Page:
April 20, 2017

Material Matters: ‘The Shoes of Tomorrow’, Today

You can always look back at previous generations’ expectations of the modern-era for a laugh. In dreaming up colonies on the moon, gigantic computers and a jetpack in every home, they tended to miss the mark just a little. The sneaker world may not offer quite the same level of amusement, but there are plenty of examples of how people just didn’t get it quite right. Nowadays, the over-the-top technical visions of yesteryear have given way to a world of sleek minimalism and, much to our disappointment, a distinct lack of electronic footwear.

The early days of computing had us believe that bigger was better – if it had more wires then it could move more info, and processing power was expected to be the key to the future. It was thought that everything would be electronic beyond the year 2000 – even sneakers. Perhaps one of the most recognisable manifestations of this cultural vision is the Nike Mag. During its conceptual development, the Mag was actually toned down from its first design, though it did retain a hint of the original idea in its name – an acronym for ‘Magnetic Anti-Gravity’. Sadly, there’s still no such thing as anti-gravity boots, but the power-lacing design depicted in Back to The Future Part II has finally been brought into being. Leaving the realm of fiction, we’ve seen a real world application of the tech in the form of its performance-based cousin, the Hyperadapt 1.0. Although this is a perfect case of yesterday’s imaginings becoming the reality of today, it’s a unique situation. Had it not been for the popularity of the film, it’s highly likely that they wouldn’t have gone to all that effort to realise the technology.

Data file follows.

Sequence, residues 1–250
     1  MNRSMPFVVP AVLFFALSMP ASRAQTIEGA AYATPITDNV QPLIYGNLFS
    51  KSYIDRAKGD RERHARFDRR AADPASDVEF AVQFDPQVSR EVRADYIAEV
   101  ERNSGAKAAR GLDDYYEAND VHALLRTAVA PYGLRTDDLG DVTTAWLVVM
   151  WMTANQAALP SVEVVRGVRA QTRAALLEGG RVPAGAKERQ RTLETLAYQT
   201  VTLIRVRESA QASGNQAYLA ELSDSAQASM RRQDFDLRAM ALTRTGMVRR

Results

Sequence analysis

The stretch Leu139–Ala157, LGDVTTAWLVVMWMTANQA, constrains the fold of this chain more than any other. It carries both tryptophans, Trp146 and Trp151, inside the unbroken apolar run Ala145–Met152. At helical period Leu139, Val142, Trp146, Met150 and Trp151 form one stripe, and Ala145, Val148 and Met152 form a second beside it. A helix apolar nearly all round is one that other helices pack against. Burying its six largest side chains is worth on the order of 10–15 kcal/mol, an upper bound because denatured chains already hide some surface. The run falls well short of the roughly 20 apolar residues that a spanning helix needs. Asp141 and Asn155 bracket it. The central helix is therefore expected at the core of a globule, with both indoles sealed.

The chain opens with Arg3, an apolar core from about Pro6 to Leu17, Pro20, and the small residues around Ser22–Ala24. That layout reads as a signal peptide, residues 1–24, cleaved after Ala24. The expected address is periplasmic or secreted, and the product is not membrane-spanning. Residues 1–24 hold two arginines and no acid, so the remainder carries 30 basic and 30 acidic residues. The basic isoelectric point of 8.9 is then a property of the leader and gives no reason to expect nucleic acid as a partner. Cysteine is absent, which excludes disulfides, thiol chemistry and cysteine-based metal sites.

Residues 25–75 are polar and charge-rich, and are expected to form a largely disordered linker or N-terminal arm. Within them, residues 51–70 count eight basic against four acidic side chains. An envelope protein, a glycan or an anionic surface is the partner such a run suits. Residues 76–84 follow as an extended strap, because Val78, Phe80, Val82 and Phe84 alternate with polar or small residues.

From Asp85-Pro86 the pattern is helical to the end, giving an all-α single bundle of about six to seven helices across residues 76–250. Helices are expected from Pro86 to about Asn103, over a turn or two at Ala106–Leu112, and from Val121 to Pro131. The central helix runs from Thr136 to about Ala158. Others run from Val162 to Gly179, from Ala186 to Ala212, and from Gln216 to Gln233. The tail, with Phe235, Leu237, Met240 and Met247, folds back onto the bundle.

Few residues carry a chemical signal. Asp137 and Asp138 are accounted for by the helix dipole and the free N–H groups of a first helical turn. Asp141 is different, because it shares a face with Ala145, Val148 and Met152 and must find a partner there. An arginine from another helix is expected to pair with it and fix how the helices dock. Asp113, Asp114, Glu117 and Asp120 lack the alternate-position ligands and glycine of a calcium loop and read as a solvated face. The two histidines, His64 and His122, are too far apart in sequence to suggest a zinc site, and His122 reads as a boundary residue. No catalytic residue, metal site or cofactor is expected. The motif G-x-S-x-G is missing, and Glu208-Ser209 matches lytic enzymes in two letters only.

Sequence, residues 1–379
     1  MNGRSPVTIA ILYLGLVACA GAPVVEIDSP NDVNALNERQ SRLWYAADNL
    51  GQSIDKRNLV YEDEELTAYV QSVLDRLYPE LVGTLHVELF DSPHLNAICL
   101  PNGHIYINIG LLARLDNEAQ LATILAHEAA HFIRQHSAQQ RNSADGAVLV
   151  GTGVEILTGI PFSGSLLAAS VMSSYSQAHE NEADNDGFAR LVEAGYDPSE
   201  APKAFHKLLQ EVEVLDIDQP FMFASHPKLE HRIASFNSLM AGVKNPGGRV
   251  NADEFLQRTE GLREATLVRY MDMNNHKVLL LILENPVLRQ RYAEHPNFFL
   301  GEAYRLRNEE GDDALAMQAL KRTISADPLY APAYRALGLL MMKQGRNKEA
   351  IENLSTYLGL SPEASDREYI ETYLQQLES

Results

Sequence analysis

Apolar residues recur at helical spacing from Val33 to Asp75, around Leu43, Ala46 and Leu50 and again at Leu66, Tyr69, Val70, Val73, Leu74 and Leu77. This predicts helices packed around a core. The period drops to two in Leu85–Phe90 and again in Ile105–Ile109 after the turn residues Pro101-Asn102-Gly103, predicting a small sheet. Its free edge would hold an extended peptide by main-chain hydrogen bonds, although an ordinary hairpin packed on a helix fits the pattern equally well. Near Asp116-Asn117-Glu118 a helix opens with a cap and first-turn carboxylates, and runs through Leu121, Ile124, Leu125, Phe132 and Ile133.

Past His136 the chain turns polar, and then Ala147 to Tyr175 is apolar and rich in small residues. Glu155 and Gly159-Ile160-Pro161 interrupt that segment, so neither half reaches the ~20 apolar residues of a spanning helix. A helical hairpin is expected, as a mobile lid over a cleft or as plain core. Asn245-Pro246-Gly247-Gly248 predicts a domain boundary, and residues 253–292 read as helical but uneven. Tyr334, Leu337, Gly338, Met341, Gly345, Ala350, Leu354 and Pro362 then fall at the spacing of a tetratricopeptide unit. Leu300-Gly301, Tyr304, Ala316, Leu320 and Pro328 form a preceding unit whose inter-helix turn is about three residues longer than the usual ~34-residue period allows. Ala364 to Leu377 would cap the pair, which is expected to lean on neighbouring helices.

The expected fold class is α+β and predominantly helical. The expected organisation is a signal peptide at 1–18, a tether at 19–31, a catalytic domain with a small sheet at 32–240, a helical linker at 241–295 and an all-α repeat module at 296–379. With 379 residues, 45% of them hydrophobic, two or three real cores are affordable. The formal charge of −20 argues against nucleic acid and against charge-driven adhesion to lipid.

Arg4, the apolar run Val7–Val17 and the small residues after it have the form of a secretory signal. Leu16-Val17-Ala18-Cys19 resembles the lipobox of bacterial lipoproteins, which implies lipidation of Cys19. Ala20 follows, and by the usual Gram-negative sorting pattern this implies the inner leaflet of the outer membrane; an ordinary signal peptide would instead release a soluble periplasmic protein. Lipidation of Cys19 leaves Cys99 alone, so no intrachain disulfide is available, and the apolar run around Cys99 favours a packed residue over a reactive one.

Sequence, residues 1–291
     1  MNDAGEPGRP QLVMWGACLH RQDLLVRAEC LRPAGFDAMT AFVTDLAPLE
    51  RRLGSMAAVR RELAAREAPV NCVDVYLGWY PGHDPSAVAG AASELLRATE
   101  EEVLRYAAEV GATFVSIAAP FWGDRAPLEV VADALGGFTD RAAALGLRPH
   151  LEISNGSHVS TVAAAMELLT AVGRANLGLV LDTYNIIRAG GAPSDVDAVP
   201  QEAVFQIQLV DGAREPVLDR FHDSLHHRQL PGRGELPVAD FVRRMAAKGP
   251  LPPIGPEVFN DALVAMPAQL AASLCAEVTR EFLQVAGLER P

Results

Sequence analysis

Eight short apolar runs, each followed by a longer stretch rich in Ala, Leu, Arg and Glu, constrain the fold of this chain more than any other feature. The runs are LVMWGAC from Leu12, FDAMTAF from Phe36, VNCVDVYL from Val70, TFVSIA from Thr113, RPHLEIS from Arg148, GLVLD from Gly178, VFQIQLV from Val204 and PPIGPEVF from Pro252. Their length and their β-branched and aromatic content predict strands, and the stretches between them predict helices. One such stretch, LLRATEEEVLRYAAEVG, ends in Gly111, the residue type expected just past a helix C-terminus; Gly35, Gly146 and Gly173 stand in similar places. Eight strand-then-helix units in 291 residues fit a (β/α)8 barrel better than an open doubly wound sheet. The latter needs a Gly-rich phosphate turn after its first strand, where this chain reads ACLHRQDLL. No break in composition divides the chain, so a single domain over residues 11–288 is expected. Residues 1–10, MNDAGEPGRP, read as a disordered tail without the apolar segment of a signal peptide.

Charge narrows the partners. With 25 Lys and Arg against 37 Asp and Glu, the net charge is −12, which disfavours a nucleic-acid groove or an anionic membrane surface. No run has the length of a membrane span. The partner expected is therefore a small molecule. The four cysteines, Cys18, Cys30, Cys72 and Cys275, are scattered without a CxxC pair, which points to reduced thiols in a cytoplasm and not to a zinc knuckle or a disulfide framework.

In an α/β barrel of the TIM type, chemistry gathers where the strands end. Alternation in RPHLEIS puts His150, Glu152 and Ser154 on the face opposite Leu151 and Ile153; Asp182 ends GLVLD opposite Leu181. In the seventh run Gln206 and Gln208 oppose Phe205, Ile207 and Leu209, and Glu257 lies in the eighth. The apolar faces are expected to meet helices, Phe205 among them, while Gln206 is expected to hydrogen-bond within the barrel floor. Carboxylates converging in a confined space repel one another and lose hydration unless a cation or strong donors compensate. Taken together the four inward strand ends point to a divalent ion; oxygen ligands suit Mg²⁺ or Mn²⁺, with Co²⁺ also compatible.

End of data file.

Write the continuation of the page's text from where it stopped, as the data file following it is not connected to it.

Nike Mag in Back to The Future Part II

Nike Mag in Back to The Future Part II

The adidas Micropacer was released in 1984, making it the first ever shoe to contain a rudimentary computer system. It had an advanced (for the time) microprocessor that was capable of some relatively mind-blowing computing, but it didn’t plug into anything else – not all that impressive to the mid-80s techno-hobbyist. PUMA took care of that a year later with their RS Computer Shoe. The shoe had some seriously hefty hardware built into the heel, which contained a chip that would measure your run. When you plugged it into a compatible computer (an Apple IIE, Commodore 64 or IBM PC) it would create handy graphs so you could track your athletic performance.

Nowadays, anything with wires seems antiquated. Shoes have been capable of wireless connectivity for more than a decade, since the introduction of Nike+iPod. The activity tracker was released in 2006 as a collaboration between the footwear and computing giants. You’d just pop a chip in your shoe, stick a receiver into your iPod, and the two could communicate wirelessly – easy as that! But alas, most fitness fanatics would much rather track their day with a wearable device, like a Fitbit, which can go beyond your run and give feedback on your quality of sleep and plenty more – resulting in a thoroughly comprehensive picture of health.